On Tuesday, October 25 Categories:

What does it take to be an expat? And in particular an expat woman? In the past 7 years of my expat life I have come across many different definitions of who I was and what I was doing: international woman, expat woman, expat spouse, trailing spouse.

The first one international woman sounds quite neutral. To me it simply means a woman who has an international life or career. It could also mean that you live in your home country but travel for your work abroad for example.

The next one sounds already a bit more exotic: an expat woman. A few years ago when I moved to the Netherlands I did not considered myself being an expat woman. Although I was living and working abroad, I did have a 'local' husband and friends. I did not participate in the social international community either. After a couple of years this changed, as my husband got a project in Mexico City and we decided to move with the whole family there. And there it happened, my label of 'international woman' was replaced by a new one 'expat spouse'. When browsing on the Internet I came across the distinction in the definition of the two. The distinction being whether you have your own career or not. So there I was suddenly 'downgraded' from a woman to a spouse. As a decent 'expat spouse' I had of course a cook, a nanny, a housekeeper and even a driver. All the attributes of an expat spouse! I was enjoying all social gatherings there were to enjoy: mornings for mothers and kids, knitting afternoons with local women, drinks with the 'Dutchies', lunches with other expat spouses, book clubs, yoga lessons. You name it, I have been there and have done it. Life was fun! So when did I turn into a 'trailing spouse' than? And who has ever invented such a name! A trailing spouse sounds very passive to me. It sounds like you really do not choose for a life of your own but that you simply have to follow your husband and his career, whether you like it or not.

It even sounds like there is a resistance, to be on a trail means that you are being pulled by someone else.

You do not take part in making a decision, you do not have your own will, you are just being pulled by your husband. To even make it worse you are not even a woman but you turned into a spouse. All your other roles such as being a mother, daughter, sister, friend, or colleague have been swiped away. How unfair is that? It is true that some of us do decide to put their own career on hold in order to support the career of their husband, but that does not mean we are deprived of all other attributes of being a woman, simply because we decide not to work for sometime! It is most of the time a woman who is in charge of building again a new nest for the whole family, starting a new social life, making sure kids feel safe and secure in their new environment. Furthermore, you have a life of your own to re-start with making new friends, deciding to find a new job or starting a entirely new career or study. It sounds to me like so much more than just being a spouse. Most of us give of course support to their hard working partners but that is one of our roles and not the only one.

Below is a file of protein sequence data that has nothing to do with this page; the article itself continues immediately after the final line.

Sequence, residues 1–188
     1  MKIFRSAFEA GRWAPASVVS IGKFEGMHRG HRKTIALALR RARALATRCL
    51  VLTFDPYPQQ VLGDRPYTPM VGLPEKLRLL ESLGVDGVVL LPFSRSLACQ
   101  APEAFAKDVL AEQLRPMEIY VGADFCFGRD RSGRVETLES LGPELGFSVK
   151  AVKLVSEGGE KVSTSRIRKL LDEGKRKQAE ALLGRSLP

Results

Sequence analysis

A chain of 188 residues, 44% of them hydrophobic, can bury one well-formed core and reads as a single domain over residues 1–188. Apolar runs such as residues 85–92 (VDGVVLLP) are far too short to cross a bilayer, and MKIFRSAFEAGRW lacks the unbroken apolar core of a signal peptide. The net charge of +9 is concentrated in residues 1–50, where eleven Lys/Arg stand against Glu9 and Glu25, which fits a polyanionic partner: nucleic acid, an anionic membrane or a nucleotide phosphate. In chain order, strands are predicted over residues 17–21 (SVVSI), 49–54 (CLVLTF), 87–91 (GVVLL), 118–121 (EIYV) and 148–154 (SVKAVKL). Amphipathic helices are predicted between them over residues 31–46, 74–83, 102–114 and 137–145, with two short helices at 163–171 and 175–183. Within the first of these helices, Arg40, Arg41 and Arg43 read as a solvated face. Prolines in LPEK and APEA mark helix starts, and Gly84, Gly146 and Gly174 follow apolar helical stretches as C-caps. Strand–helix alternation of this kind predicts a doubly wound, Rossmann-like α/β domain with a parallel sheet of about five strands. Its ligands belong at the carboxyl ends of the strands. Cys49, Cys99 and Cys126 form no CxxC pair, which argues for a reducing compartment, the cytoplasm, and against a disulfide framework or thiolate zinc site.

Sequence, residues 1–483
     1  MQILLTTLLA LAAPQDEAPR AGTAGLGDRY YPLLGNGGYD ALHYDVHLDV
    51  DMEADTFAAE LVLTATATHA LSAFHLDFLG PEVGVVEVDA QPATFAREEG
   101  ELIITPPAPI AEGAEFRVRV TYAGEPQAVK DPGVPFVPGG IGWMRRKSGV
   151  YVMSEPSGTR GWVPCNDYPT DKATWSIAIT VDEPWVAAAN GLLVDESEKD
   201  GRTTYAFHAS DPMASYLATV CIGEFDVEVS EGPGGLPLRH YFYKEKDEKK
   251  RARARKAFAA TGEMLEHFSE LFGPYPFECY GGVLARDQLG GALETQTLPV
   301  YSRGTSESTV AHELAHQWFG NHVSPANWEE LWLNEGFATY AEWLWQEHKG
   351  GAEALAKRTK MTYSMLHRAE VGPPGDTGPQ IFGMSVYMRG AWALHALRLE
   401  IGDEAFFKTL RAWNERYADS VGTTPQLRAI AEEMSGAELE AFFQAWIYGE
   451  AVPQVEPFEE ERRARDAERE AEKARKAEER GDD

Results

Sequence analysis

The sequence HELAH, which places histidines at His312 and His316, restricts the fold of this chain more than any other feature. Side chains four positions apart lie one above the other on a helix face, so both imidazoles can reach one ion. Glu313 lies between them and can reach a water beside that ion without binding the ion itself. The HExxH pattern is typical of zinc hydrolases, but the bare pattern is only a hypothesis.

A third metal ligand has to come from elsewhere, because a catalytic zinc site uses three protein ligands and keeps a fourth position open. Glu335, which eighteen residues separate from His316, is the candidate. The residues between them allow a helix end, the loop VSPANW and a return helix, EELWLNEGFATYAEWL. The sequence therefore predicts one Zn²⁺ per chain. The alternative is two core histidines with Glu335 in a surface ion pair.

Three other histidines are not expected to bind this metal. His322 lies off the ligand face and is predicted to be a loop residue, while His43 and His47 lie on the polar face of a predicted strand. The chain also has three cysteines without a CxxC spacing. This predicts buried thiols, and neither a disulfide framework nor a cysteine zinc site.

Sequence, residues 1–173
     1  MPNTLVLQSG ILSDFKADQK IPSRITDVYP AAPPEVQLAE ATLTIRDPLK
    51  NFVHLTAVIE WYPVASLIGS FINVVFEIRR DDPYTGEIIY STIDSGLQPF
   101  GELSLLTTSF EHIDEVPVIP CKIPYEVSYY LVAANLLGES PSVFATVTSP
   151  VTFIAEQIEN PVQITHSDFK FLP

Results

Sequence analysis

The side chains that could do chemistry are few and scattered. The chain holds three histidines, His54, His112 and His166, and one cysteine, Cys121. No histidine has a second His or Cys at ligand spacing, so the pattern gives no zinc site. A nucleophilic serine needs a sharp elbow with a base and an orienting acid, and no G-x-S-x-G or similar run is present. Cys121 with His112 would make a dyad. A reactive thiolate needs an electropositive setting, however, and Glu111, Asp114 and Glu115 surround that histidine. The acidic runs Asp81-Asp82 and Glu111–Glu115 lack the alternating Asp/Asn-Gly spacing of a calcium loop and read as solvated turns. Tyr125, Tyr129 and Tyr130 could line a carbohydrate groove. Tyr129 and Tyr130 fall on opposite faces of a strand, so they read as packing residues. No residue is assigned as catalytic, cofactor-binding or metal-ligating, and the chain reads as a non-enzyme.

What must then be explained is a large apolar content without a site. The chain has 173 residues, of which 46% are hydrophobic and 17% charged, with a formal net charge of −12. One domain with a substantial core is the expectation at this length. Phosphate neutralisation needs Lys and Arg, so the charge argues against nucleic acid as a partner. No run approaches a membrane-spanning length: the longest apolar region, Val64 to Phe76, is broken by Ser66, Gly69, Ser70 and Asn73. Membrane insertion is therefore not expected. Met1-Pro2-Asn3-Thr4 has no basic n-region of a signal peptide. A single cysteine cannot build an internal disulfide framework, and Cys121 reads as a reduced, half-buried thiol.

Do not let yourself be locked (by yourself or others) in one of the drawers labeled 'trailing spouse'. As an exercise you can write down your name in the middle of the sheet of paper. Then write down on the same sheet of paper, around your name all your roles that you fulfil at the moment. Circle them and draw a line from your name to the role. See now how many important roles you are having.

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About the author:

My name is Dorota Klop-Sowinska and I am an expat coach / counselor. During the past seven years I have experienced and enjoyed an expat life from all possible angles. I was a women with a busy international career living in the Netherlands with my Dutch husband. I was a mother experiencing the motherhood in the Netherlands when my daughter was born. I was an expat wife enjoying life in Mexico, where I have followed my husband's career. I was an expat woman starting my own career in Brazil (and supporting the career of my husband). Now I am an entrepreneur who is running her business in the Netherlands. Thanks to all those roles I can easily connect and fully understand women who are living abroad for various reasons or going through big changes in their lives. I have been there, I have seen it, I have done it!

I am the owner of DoSo! Coaching & Counseling http://www.dosocoaching.com which focuses on international women living abroad. I coach them in order for the to have successful & fulfilled life abroad both professionally & privately.

More on http://www.dosocoaching.com

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